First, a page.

palisades center

Let Clarkstown Voters Decide Fate Of Mall’s Restrictive Covenant On Nov. 3

Business Living

Council Decided Referendum Question Should NOT Include Town’s Support


By Tina Traster

The voters will decide!

The Clarkstown town board on Thursday voted unanimously to add a referendum question to the Nov. 3rd general election asking voters whether or not they want to lift a restriction that prohibits the Palisades Center from building out and leasing existing but an unused 240,000-square-foot section on the mall’s fourth floor.

All five council members at a video teleconference expressed support for holding a referendum but Councilman Frank Borelli solely objected to the original phrasing of the question, which included the town’s endorsement to lift the so-called “restrictive covenant.”

“I don’t agree with the wording,” Borelli said. “It’s not crystal clear.”

What had been crystal clear was that the wording for the referendum question was formulated to tell voters the town council believed it was time after 22 years to lift the covenant. It has read: “Do you agree with the Clarkstown Town Board resolution, subject to the vote of the people, to lift the restrictive covenant, which currently limits the Palisades Center mall to 1.854 million square feet of gross leaseable space?”

Borelli said he wanted all mention of the town or its support wiped from the question.

In response, Councilman Don Franchino, whose Ward Three includes the Palisades Center, and who has been championing this referendum for two years, hoped the council would show voters their support to free the mall from the restrictive covenant. All five council members on Thursday expressed support to move forward with the vote and each said that allowing the mall to expand was prudent in light of the economic devastation brought on by a declining retail industry, and more recently, the bankruptcies and closures due to the coronavirus pandemic.

“The public must understand the town board is backing this,” said Franchino. “We should not shy away. We should be on the record.” But no other council member backed Franchino on his position.

After little open discussion – the issue had clearly been decided in an executive session prior to the public meeting – the town lawyer suggested changes to the referendum language: “Do you agree to lift the restrictive covenant, which currently limits Palisades Center mall to 1.854 million square feet of gross leaseable space?”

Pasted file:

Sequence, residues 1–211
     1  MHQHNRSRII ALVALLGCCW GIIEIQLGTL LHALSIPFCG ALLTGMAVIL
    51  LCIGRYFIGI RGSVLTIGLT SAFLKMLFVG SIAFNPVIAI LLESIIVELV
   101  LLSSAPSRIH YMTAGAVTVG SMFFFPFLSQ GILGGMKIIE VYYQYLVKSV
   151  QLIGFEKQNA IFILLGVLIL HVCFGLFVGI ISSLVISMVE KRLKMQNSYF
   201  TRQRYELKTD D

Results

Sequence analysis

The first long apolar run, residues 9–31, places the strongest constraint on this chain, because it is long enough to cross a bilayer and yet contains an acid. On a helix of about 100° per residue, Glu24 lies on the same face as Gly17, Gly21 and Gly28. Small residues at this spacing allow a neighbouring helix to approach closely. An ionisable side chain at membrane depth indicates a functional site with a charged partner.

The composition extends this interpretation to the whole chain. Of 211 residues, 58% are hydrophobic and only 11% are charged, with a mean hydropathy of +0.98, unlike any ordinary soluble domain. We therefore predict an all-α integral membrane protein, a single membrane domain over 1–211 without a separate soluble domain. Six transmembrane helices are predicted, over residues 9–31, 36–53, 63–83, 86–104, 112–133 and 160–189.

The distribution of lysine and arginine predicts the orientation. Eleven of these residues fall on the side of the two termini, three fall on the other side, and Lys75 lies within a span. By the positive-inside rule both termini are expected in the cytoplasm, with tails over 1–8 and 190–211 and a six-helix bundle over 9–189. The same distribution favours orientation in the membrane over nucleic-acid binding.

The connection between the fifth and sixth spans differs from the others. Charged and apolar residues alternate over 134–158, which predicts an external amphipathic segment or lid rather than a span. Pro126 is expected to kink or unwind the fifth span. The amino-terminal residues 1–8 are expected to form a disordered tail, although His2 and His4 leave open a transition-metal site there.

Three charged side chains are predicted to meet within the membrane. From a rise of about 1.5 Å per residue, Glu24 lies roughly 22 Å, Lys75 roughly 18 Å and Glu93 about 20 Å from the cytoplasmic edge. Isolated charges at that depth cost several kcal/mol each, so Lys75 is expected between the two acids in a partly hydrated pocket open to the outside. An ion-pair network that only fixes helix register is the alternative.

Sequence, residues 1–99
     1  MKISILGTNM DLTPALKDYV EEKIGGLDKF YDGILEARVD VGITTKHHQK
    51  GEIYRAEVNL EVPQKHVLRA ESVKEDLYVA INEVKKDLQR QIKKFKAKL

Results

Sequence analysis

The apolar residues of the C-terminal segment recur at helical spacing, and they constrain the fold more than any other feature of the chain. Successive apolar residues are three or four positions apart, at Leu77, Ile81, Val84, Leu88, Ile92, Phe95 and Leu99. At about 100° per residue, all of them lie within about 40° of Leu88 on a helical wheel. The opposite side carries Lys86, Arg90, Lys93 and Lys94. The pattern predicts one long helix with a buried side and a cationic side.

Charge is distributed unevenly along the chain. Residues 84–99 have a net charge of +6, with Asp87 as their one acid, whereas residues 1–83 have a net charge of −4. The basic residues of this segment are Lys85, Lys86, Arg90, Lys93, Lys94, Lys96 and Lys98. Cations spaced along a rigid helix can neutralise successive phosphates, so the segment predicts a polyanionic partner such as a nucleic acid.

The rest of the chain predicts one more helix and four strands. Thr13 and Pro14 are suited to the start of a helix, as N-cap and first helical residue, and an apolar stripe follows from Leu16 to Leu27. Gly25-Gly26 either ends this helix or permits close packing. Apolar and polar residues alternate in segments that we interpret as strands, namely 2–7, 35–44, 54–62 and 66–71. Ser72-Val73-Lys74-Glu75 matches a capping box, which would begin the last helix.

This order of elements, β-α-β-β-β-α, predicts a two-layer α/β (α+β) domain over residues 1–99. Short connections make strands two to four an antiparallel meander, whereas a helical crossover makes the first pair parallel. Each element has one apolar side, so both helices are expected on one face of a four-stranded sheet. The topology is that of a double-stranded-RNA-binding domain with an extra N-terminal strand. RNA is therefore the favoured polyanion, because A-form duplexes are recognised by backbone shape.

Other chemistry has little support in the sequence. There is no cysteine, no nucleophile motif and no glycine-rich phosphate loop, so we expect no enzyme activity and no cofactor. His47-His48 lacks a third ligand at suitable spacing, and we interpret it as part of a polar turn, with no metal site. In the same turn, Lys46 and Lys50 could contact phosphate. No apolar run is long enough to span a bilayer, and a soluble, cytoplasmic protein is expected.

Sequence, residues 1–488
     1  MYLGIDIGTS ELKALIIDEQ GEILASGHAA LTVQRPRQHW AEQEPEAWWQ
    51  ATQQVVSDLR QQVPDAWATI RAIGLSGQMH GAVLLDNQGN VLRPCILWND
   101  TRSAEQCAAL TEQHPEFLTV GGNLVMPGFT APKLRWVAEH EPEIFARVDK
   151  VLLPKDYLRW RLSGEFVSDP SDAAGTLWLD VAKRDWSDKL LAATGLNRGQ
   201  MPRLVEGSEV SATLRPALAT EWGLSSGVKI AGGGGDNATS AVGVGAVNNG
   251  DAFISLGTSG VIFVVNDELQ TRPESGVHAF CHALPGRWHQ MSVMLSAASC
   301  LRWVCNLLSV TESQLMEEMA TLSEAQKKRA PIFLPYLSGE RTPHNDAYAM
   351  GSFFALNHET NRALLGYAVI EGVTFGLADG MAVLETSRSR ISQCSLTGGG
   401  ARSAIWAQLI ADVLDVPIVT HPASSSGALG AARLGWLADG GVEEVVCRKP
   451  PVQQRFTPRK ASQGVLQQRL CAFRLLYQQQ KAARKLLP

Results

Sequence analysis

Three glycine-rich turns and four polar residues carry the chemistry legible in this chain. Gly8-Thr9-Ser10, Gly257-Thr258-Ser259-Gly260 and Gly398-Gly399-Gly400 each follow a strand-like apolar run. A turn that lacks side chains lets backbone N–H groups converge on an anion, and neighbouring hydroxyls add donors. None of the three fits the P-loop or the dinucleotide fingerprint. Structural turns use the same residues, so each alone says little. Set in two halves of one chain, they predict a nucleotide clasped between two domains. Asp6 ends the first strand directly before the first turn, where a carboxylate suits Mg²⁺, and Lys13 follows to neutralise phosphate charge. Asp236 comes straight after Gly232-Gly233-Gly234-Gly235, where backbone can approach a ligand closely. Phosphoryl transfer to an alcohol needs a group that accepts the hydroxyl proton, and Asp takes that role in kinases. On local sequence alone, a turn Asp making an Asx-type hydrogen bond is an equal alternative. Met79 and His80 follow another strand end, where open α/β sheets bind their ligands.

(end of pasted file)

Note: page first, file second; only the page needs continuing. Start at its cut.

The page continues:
All five council members, including Franchino, fell into agreement.

A referendum is required under a so-called restrictive covenant the mall owners agreed to when the West Nyack mall was being built in the 1990s. Approval by voters would take away restrictions on the mall’s indoor space. Councilman Patrick Carroll pointed out the mall is not “expanding” but filling out unused space – and if it did have intentions to expand or reconfigure, it would need planning board approvals.

Back in 2002, voters overwhelmingly said no to the mall’s expansion after the town held a referendum to release the mall from the “restrictive covenant,” that prohibits utilization of the unused space.

Over the past two years, the mall’s occupancy has declined to 82 percent vacancy and has lost major tenants including Lord & Taylor, JC Penny, and Bed Bath & Beyond. Ongoing closures and bankruptcies in the retail and restaurant sectors will continue to dog the mall’s survival though RCBJ sources have said new prospects are considering leasing space, including the fourth floor.

Mall representatives over the past two years have been telling town leaders the expanded space would be used for entertainment or “experiential” use but the timing makes that uncertain now. The Palisades Center is having to content with the behemoth of New Jersey’s American Dream Mall, which began opening late last year with a vast raft of pleasurable entertainment options. But the pandemic has all but shut down the entertainment sector for now and until the U.S. gets control over the virus or a vaccine is developed, uncertainty lingers over what will give the Palisades Center the lifeline in needs.

After temporarily closing due to the coronavirus shutdown, Palisades Center Mall owner Pyramid Companies risked defaulting on its $388.5 million CMBS loan. The loan fell into special servicing in April and the company has not made mortgage payments since.

Two weeks ago Pyramid Companies has reached an agreement with its lenders to avoid foreclosure. The maturity date for the loan has been extended to either October 2021 or whenever Palisades Center pays off the last of the 12 monthly installments, whichever comes first.

The debate over a vote on the covenant to lift the restriction has been going on for years. EklecCo NewCo, an LLC, the company that owns and operates the Palisades Center, and Clarkstown are still awaiting a ruling from the Second Circuit Court of Appeals over the mall’s efforts to lift the restrictions preventing it from expanding beyond its present 1.85 million square feet without voter approval.

The mall owners claim that when the Palisades Center was being built in the 1990s, it was unfairly forced into accepting the restrictive covenant’s terms.

If the Second Circuit Court of Appeals does not rule prior to Nov. 3rd and voters decide to let the mall expand, the suit might be moot. However Pyramid Companies, which owns the mall, could file claims for attorney’s fees if the court determines them to be a “prevailing party,” and the case would be remanded back to the district court.

The Palisades Center had been struggling prior to the shutdown – losing both J.C. Penny and Lord & Taylor, as well as several other retailers including Bed, Bath & Beyond. However, tenants across the board ceased paying rent during the lockdown. Occupancy rate before the pandemic was 82 percent.